China to allow tourism in disputed islands in South China Sea
China today announced that a chain of islands in the South China Sea under dispute with other countries will soon be opened to cruises where tourists will get an opportunity walk around the uninhabited islands. Sutirtho Patranobis reports.world Updated: Apr 08, 2013 01:41 IST
China on Sunday announced that a chain of islands in the South China Sea under dispute with other countries will soon be opened to cruises where tourists will get an opportunity walk around the uninhabited islands.
The state-run Xinhua news agency quoted Tan Li, vice-governor of the Hainan island on the South China Sea, as saying that tourists taking the cruise to Xisha islands - known as Paracel outside China - will eat and sleep on the ship and allowed sightseeing once the ship docks at the islands.
The islands, which China has controlled since a short war with South Vietnam in 1974, are claimed by China, Vietnam and Taiwan.
The announcement was made on Sunday at the 2013 Boao Forum for Asia Annual Conference to an international audience.
The announcement is likely to increase diplomatic tension in the South China Sea region where China has been locked in a dispute over the ownership of these and other islands with a number of its neighbours.
The first cruise is likely to take place in the beginning of May coinciding with Labour Day holidays.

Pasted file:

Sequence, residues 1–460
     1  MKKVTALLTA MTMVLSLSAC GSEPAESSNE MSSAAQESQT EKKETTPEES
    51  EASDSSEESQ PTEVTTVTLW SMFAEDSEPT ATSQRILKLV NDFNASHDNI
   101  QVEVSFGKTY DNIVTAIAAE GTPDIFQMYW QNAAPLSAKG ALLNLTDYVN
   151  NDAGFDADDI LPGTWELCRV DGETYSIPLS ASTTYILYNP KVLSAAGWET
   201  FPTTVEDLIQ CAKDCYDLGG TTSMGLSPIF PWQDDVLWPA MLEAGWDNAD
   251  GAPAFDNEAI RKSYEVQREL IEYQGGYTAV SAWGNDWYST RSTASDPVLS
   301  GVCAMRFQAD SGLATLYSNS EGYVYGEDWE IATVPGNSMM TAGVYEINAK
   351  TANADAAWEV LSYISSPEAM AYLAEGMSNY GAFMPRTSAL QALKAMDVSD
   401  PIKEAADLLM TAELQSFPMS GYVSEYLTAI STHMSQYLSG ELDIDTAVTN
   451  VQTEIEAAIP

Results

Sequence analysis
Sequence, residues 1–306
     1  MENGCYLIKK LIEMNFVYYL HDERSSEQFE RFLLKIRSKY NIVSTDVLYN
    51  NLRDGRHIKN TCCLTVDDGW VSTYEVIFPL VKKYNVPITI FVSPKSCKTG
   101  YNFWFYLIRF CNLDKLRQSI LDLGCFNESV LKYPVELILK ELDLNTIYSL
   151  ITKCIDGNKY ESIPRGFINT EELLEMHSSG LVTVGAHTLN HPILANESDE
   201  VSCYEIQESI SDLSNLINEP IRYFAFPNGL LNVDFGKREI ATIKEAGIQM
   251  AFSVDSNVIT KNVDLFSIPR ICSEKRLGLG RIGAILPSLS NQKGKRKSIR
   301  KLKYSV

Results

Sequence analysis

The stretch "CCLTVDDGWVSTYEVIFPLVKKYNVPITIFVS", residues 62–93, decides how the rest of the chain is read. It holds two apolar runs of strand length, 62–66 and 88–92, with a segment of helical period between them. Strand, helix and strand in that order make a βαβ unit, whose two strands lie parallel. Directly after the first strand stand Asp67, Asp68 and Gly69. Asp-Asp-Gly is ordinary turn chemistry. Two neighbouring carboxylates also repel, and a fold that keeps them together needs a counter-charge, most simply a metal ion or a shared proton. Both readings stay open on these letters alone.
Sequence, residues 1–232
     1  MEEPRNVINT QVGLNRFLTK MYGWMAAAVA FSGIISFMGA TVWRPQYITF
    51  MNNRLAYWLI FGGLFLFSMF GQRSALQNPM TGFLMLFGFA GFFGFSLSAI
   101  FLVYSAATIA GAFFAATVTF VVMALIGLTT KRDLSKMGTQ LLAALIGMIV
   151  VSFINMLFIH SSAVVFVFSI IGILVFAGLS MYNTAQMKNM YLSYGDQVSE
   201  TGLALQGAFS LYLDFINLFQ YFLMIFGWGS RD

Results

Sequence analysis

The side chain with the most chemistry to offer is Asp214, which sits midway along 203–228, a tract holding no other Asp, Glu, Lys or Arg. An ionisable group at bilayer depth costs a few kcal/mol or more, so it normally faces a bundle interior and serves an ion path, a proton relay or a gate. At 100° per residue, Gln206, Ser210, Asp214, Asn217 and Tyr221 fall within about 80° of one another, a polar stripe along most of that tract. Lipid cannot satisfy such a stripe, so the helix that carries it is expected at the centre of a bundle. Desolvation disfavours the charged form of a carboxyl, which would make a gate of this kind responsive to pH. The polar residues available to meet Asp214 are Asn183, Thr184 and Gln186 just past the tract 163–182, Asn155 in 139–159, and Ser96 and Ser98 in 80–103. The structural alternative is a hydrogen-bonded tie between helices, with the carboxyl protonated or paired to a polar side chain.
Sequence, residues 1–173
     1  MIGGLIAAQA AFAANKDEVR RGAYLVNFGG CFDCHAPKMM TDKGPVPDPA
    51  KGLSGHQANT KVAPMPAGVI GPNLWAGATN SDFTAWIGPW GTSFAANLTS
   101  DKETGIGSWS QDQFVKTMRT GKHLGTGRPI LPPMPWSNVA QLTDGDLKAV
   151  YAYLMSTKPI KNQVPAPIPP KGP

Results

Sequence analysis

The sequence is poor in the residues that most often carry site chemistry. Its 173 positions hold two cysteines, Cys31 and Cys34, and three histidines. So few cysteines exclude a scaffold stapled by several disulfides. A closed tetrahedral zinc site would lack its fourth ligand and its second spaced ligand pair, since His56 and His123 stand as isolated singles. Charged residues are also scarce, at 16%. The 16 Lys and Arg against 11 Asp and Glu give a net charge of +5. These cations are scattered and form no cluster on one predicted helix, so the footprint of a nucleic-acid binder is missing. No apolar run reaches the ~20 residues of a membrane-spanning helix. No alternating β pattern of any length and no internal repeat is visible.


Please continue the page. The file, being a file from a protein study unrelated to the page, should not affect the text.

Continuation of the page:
That the islands do not have much infrastructure for tourism has not deterred the Chinese government.
"There is only one hotel with 56 rooms in the 2.13-square-kilometer Yongxing Island, the largest island among the Xisha Islands group and home to the government offices of Sansha city. In addition, there is no fresh water and all supplies have to be transported from outside," the Xinhua report said.
A 47000 tonne cruise ship that can accommodate 1,965 passengers is ready to take the first tourists for what is likely to be a controversial cruise.
"The tour prices will be relatively high due to the high costs of tourism infrastructure construction," Huang Huaru, general manager of a tourism agency in Hainan told Xinhua.
Last year China created the Sansha city administration on Yongxing to oversee hundreds of thousands of square kilometers (miles) of water where it wants to assert and strengthen its control.